April 2011
Volume 52, Issue 14
Free
ARVO Annual Meeting Abstract  |   April 2011
Genes Controlling Keratan Sulfate Biosynthesis During Differentiation Of Corneal Stromal Stem Cells To Keratocytes
Author Affiliations & Notes
  • Xuan Li
    Ophthalmology, University of Pittsburgh, Pittsburgh, Pennsylvania
  • Martha Funderburgh, Mary Mann, Yiqin Du, James Funderburgh
    Ophthalmology, University of Pittsburgh, Pittsburgh, Pennsylvania
Investigative Ophthalmology & Visual Science April 2011, Vol.52, 3424. doi:
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      Xuan Li, Martha Funderburgh, Mary Mann, Yiqin Du, James Funderburgh; Genes Controlling Keratan Sulfate Biosynthesis During Differentiation Of Corneal Stromal Stem Cells To Keratocytes. Invest. Ophthalmol. Vis. Sci. 2011;52(14):3424.

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Abstract

Purpose: : Keratan sulfate (KS) is an abundant stromal glycosaminoglycan essential for corneal transparency. KS synthesis is lost during wound healing and in stromal scars, however this process is not well understood. Enzymes involved in corneal KS elongation and sulfation have not all been identified. Corneal stromal stem cells do not express KS but as they differentiate to keratocytes KS synthesis is upregulated. These cells provide a novel opportunity to identify enzymes involved in regulation of corneal KS biosynthesis. In this study, we sought to determine the enzymes used by stromal stem cells in the up-regulation of corneal KS synthesis during differentiation to keratocytes.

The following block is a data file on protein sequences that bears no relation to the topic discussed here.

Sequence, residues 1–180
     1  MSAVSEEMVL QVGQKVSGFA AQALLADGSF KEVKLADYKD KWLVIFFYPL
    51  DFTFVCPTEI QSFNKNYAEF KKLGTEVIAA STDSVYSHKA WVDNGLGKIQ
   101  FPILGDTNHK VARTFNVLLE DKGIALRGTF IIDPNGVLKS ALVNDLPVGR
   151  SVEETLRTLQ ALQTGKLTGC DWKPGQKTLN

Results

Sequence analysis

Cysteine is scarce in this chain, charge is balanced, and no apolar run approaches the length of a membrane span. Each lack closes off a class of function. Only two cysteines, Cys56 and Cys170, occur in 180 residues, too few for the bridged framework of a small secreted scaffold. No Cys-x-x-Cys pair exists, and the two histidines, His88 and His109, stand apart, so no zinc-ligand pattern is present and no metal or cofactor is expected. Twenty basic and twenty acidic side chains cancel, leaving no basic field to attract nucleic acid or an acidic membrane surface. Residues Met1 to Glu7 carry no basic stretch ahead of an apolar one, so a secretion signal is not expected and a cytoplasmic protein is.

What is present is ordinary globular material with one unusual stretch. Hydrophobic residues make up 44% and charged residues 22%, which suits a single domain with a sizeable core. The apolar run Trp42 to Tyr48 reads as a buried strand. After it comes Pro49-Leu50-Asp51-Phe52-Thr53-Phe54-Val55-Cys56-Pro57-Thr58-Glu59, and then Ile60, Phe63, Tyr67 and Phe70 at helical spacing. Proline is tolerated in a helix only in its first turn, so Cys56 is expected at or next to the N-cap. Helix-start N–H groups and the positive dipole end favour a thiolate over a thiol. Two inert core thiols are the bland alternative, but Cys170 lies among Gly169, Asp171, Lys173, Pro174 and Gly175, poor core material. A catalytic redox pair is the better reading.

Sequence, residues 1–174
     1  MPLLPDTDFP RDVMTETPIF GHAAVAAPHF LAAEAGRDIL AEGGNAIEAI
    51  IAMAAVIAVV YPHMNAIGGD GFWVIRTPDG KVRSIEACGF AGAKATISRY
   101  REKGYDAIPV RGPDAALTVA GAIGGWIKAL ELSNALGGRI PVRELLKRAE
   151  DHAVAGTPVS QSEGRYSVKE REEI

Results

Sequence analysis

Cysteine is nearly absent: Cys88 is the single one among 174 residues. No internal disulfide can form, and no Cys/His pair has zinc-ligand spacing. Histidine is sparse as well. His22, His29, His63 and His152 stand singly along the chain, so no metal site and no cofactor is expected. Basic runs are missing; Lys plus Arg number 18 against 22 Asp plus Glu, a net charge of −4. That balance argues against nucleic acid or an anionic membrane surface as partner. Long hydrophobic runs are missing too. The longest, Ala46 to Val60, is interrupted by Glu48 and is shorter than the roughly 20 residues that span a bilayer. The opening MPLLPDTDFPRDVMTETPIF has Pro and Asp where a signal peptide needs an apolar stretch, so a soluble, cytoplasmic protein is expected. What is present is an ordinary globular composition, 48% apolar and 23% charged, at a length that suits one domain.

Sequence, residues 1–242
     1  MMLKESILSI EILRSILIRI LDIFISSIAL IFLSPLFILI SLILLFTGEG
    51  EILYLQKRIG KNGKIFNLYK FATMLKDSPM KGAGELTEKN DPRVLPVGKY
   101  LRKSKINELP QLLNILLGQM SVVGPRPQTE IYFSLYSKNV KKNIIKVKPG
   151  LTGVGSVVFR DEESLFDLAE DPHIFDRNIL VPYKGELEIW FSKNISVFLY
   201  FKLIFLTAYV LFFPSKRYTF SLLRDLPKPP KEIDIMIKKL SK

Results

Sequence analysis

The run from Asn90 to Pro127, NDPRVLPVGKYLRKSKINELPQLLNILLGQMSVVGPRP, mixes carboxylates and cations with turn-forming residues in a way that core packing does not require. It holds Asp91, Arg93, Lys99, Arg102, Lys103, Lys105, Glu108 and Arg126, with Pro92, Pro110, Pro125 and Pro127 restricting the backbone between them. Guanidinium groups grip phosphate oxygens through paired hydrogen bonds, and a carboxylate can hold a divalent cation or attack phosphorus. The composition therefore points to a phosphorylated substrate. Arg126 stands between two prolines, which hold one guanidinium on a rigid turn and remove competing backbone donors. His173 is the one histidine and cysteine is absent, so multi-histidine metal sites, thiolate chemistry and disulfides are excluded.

Methods: : Primary stromal cells were isolated from bovine corneas and human corneal stromal stem cells were isolated from donor corneas. Differentiation to keratocytes was induced in serum-free medium containing ascorbate. Expression of mRNA for specific glycosyltransferase (GTase) and sulfotransferase (STase) genes was examined by RT-PCR. Participation of specific genes in KS biosynthesis was determined by mRNA knockdown with siRNA. Gene expression of GTase and STase was characterized using quantitative real time PCR (qPCR) and western blotting. KS expression was detected using immunoblotting.

Results: : Expression of mRNA for 15 GTase and STase genes was detected in uncultured corneal stromal cells. Knockdown of mRNA for two STase genes (CHST6 and CHST1) and one GTase gene (B3GnT7) strongly inhibited corneal KS biosynthesis. In stromal stem cells, mRNA expression of both CHST6 and B3GnT7 was markedly increased in conjunction with induction of KS synthesis. Immunoblotting showed expression of both CHST6 and B3GnT7 proteins as the cells began synthesis of KS.

Conclusions: : Multiple enzymes may participate in KS biosynthesis but two of these (CHST6 and B3GNT7) appear primarily to control expression of KS by corneal stromal cells. This observation is important for understanding stromal wound healing and has implications for bioengineering of corneal stroma.

Keywords: proteoglycans/glycosaminoglycans • extracellular matrix • cornea: stroma and keratocytes 
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